Sometimes these success stories get lost in the “horse-race stories” about political campaigns and the exposes of taxpayer-funded bridges to nowhere, and who said what to whom. This story of emergency contraception at the FDA is just one story of many. Sen. Clinton saw a problem that affected people’s lives. She then stood up to the challenge and worked to solve it.

The challenges we face in health care, our economy, global climate change, and issues of war and peace, need to be tackled with experience, skills and the commitment to using the best available science and evidence to make the best possible policy.  This will benefit us all.

Analysis Human Rights

From Protected Class to High-Priority Target: How the ‘System Is Rigged’ Against Unaccompanied Migrant Children

Tina Vasquez

Vulnerable, undocumented youth who pose no real threat are being stripped of their right to an education and instead sit in detention awaiting deportation.

This is the first article in Rewire’s two-part series about the U.S. immigration system’s effects on unaccompanied children.

Earlier this month, three North Carolina high school students were released from a Lumpkin, Georgia, detention center after spending more than six months awaiting what seemed like their inevitable fate: deportation back to conditions in Central America that threatened their lives.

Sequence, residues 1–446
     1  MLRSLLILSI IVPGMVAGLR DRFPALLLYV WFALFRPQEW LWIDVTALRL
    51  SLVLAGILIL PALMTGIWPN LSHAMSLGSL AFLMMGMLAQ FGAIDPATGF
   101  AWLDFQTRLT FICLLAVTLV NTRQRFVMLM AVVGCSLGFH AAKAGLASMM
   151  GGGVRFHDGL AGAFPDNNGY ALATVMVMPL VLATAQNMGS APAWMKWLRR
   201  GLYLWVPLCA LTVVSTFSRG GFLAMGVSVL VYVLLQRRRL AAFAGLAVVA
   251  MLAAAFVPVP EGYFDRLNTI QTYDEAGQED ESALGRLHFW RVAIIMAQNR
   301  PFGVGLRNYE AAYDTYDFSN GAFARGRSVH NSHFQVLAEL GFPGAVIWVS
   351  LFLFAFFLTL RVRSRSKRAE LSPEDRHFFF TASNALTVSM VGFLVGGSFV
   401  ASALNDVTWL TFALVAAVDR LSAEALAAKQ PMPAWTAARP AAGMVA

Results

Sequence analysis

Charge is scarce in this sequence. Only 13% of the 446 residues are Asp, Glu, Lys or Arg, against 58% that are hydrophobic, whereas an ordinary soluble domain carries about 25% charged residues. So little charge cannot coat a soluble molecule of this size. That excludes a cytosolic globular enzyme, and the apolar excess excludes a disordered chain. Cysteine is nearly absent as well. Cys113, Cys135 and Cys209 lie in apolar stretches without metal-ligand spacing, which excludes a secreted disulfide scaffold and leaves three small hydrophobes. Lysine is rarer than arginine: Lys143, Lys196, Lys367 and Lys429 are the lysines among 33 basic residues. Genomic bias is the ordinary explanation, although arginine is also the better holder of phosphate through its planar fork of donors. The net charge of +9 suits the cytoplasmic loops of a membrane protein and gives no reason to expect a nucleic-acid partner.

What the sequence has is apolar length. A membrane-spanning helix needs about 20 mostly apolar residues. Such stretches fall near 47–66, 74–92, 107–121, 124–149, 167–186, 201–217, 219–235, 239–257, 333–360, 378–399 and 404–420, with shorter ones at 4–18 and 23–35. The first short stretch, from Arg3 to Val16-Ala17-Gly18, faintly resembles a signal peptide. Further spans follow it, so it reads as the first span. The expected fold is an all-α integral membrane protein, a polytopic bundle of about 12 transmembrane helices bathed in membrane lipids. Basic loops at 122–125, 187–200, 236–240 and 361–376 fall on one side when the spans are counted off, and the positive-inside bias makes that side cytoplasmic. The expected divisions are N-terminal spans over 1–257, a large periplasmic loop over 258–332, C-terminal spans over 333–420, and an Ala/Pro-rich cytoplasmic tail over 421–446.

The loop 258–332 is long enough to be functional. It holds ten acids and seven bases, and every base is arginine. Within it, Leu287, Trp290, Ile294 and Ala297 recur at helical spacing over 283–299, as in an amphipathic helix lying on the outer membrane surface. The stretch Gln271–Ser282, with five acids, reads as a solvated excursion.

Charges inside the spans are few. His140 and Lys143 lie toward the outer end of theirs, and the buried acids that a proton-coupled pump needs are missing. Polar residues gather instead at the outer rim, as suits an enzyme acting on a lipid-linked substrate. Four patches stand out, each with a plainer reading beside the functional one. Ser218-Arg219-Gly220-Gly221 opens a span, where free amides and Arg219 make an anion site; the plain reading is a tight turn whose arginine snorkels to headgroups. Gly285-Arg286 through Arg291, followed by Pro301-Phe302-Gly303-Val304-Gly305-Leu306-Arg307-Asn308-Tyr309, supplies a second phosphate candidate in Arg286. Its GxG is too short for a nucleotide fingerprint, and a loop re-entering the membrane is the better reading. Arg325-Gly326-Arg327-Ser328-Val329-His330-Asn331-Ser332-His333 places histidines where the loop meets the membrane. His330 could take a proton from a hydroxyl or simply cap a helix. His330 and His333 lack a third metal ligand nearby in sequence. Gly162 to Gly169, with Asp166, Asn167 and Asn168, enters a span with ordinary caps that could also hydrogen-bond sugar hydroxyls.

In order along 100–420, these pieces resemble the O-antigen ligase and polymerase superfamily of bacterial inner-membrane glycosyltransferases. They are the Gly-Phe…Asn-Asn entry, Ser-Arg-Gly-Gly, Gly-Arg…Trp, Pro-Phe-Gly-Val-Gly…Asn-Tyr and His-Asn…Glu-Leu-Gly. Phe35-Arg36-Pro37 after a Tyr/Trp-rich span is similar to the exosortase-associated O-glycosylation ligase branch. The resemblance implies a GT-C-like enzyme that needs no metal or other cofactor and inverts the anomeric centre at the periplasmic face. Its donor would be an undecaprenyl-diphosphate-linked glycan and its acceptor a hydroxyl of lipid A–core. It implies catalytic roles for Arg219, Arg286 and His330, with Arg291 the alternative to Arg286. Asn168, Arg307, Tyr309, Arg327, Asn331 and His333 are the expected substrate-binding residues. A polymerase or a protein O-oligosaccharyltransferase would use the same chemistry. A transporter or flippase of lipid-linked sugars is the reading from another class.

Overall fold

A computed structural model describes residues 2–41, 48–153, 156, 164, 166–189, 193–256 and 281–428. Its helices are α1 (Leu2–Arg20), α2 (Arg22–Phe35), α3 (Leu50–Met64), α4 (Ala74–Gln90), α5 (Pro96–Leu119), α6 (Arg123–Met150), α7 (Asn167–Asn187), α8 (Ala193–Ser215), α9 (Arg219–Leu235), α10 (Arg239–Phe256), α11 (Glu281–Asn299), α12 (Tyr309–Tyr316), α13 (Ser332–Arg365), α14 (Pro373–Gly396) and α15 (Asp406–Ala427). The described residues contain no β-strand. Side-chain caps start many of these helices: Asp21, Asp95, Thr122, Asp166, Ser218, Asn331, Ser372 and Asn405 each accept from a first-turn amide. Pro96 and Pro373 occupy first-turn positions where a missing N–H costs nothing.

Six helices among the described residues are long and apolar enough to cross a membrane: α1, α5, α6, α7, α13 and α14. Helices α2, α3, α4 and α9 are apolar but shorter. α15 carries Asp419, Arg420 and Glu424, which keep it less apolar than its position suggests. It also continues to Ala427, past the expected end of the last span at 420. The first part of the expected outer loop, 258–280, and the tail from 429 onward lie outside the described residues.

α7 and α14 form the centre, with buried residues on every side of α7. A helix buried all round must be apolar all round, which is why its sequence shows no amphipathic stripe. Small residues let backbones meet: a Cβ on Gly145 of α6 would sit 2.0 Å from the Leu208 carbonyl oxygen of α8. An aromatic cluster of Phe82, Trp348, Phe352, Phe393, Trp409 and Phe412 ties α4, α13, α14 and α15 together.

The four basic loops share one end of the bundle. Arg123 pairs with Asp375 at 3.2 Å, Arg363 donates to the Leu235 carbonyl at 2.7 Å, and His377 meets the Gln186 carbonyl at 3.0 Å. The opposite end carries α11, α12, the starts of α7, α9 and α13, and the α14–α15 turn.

Wildin David Guillen Acosta, Josue Alexander Soriano Cortez, and Yefri Sorto-Hernandez were released on bail in the span of one week, thanks to an overwhelming community effort involving pro bono attorneys and bond money. However, not everyone targeted under the same government operation has been reprieved. For example, by the time reports emerged that Immigration and Customs Enforcement (ICE) had detained Acosta on his way to school in Durham, North Carolina, the government agency had already quietly deported four other young people from the state, including a teenage girl from Guatemala who attended the same school.

Activated in January, that program—Operation Border Guardian—continues to affect the lives of hundreds of Central American migrants over the age of 18 who came to the United States as unaccompanied children after January 2014. Advocates believe many of those arrested under the operation are still in ICE custody.

Department of Homeland Security (DHS) Secretary Jeh Johnson has said that the goal of Operation Border Guardian is to send a message to those in Central America considering seeking asylum in the United States. But it’s not working, as Border Patrol statistics have shown. Furthermore, vulnerable, undocumented youth who pose no real threat are being stripped of their right to an education and instead sit in detention awaiting deportation. These youth arrived at the border in hopes of qualifying for asylum, but were unable to succeed in an immigration system that seems rigged against them.

“The laws are really complicated and [young people] don’t have the community support to navigate this really hostile, complex system. That infrastructure isn’t there and unless we support asylum seekers and other immigrants in this part of the country, we’ll continue to see asylum seekers and former unaccompanied minors receive their deportation orders,” said Julie Mao, the enforcement fellow at the National Immigration Project of the National Lawyers Guild.

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“A Grossly Misnamed” Operation